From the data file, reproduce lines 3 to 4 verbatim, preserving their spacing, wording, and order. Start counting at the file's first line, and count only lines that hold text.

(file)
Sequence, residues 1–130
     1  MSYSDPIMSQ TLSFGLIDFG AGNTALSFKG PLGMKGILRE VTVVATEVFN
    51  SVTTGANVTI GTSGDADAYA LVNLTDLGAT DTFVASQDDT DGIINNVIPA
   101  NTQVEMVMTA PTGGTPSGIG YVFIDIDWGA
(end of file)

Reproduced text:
    51  SVTTGANVTI GTSGDADAYA LVNLTDLGAT DTFVASQDDT DGIINNVIPA
   101  NTQVEMVMTA PTGGTPSGIG YVFIDIDWGA